For many, it’s just not Christmas without Santa Lucia—a traditional Swedish holiday that embraces one of the darkest times of the year with light-filled revelry, harmonious song, and unforgettable sweets. Santa Lucia has been celebrated annually every December 13 since the 18th century. The holiday honors St. Lucia, a young Italian martyr known for her love and kindness. In St. Lucia Day tradition, a family’s eldest daughter, wearing a long white chemise, a wreath of lingonberries, and a crown of nine candles, wakes the household with an offering of coffee and treats. Dressed to resemble St. Lucia, her presence symbolizes the return of light days and a joyous start to the Christmas season.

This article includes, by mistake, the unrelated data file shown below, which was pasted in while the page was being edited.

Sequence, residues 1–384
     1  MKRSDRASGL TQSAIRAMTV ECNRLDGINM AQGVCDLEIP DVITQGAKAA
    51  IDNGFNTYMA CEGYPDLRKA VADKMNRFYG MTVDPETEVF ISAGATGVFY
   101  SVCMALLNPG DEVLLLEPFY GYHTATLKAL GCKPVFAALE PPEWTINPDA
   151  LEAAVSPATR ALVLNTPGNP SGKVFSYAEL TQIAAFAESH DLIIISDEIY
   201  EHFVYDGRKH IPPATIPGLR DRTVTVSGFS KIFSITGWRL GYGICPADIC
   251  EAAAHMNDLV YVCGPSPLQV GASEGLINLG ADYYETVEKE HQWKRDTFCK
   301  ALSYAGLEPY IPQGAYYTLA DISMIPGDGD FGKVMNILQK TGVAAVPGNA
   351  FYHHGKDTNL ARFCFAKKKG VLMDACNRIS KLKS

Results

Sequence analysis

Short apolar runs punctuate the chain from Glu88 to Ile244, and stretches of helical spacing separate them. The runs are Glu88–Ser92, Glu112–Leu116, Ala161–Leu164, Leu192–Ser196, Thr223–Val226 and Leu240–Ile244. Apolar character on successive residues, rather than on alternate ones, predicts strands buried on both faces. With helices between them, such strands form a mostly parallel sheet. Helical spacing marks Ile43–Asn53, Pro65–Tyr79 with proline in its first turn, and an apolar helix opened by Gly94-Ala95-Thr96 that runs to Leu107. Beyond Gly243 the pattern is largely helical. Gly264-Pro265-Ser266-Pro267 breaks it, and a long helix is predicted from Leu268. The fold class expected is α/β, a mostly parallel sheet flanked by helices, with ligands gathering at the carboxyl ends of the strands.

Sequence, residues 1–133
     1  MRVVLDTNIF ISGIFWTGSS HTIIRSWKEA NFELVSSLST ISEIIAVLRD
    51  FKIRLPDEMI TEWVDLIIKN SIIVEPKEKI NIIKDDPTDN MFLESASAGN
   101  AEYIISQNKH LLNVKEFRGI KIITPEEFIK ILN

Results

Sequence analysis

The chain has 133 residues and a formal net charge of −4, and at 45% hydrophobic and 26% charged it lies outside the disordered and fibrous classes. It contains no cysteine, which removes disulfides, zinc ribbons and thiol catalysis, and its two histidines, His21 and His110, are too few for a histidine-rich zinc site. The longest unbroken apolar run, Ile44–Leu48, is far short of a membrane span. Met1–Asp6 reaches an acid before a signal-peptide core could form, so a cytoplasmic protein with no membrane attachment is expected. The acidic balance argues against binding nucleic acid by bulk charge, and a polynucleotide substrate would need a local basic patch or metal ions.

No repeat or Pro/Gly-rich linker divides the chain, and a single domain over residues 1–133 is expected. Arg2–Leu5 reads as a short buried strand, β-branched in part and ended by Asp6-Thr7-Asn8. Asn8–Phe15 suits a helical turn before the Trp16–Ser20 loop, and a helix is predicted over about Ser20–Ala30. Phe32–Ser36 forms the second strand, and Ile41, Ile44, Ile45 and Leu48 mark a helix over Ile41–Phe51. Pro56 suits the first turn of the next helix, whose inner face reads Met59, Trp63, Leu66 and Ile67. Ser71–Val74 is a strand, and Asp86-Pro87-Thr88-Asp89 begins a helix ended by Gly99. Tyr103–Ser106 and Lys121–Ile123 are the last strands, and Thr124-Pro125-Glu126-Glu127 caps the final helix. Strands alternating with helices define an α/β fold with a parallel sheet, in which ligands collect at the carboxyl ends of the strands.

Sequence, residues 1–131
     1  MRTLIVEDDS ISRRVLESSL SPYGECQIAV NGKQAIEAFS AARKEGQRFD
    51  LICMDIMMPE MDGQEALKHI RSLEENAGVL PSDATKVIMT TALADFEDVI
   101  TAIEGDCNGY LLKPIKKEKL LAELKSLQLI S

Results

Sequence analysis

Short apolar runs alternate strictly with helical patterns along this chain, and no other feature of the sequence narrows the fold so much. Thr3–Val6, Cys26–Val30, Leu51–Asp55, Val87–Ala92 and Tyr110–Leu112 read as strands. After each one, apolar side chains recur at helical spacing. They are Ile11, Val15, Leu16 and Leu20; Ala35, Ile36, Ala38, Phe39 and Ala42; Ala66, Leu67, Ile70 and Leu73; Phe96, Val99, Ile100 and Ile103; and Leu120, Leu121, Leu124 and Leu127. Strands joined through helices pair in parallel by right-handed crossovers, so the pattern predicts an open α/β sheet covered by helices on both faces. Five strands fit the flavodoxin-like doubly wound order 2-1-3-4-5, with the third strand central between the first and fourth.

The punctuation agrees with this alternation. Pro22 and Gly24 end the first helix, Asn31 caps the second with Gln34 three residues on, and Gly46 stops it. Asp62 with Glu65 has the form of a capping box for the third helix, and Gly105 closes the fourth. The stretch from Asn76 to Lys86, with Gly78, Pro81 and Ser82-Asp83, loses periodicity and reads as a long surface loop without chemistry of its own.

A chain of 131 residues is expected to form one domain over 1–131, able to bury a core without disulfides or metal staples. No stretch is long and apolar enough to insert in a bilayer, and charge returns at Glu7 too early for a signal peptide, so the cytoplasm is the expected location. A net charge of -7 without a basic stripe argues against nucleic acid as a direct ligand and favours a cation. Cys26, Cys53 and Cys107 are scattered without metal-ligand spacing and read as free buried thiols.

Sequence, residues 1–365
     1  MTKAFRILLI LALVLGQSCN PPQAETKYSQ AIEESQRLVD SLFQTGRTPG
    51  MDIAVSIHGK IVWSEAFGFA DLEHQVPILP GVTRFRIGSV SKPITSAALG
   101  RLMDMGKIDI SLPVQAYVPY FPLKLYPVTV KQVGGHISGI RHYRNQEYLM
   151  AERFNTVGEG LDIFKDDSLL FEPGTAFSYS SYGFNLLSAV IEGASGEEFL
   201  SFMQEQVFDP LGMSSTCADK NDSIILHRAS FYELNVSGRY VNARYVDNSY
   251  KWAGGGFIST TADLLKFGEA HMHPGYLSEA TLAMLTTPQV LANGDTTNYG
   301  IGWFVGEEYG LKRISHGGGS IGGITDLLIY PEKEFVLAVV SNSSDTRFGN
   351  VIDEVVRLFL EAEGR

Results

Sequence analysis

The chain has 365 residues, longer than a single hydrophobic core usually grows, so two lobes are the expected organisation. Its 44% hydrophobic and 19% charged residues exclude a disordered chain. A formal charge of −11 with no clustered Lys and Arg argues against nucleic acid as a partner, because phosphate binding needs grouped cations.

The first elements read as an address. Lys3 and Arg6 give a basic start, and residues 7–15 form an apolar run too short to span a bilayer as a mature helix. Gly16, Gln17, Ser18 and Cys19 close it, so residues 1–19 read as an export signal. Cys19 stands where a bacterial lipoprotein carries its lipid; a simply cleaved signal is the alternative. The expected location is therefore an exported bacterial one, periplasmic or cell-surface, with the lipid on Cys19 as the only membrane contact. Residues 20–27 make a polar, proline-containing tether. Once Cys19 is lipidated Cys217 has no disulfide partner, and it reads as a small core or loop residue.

Hundreds of years later, St. Lucia’s light still burns bright. In modern day Sweden, most schools have an annual Santa Lucia pageant. Boys are dressed as “star boys” or Christmas characters and girls are dressed either as St. Lucia or, carrying just a single candle, one of her handmaids—they all sing the Neapolitan folk song “Santa Lucia” and other Christmas carols. Each year, schools elect one lucky child as St. Lucia, with a national St. Lucia announced on television.
Days leading up to Santa Lucia are often spent together in the kitchen baking saffron buns shaped like curled-up cats with raisin eyes, elaborately decorated gingerbread cookies, and brewing glogg, a Swedish spiced wine, to sweeten up the holiday.
Lucia Crown (6643 KB)
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